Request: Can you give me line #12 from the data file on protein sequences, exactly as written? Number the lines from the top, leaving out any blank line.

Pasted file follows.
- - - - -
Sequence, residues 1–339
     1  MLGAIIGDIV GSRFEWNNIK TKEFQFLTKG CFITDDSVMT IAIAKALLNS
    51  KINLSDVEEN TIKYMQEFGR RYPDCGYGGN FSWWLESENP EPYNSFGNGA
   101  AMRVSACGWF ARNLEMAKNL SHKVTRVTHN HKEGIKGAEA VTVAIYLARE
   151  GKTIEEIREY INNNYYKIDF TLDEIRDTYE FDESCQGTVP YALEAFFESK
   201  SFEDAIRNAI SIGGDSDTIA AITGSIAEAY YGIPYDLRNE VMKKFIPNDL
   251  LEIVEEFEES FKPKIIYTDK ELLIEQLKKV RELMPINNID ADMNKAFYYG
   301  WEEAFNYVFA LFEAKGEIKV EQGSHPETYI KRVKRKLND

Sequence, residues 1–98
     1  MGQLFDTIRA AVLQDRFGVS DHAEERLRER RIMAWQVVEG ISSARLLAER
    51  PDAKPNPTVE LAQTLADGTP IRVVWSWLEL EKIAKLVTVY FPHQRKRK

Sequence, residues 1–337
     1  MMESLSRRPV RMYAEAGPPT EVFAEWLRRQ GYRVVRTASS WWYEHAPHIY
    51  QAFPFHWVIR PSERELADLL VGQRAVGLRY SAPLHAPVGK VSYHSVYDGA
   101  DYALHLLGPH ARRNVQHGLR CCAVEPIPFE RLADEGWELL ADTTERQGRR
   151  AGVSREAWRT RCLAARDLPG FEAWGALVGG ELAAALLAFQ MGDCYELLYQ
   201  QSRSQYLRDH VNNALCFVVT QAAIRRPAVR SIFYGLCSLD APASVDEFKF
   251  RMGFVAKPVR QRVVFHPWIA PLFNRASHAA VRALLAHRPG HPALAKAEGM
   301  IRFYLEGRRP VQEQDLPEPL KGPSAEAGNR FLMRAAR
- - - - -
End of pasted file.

Sequence, residues 1–337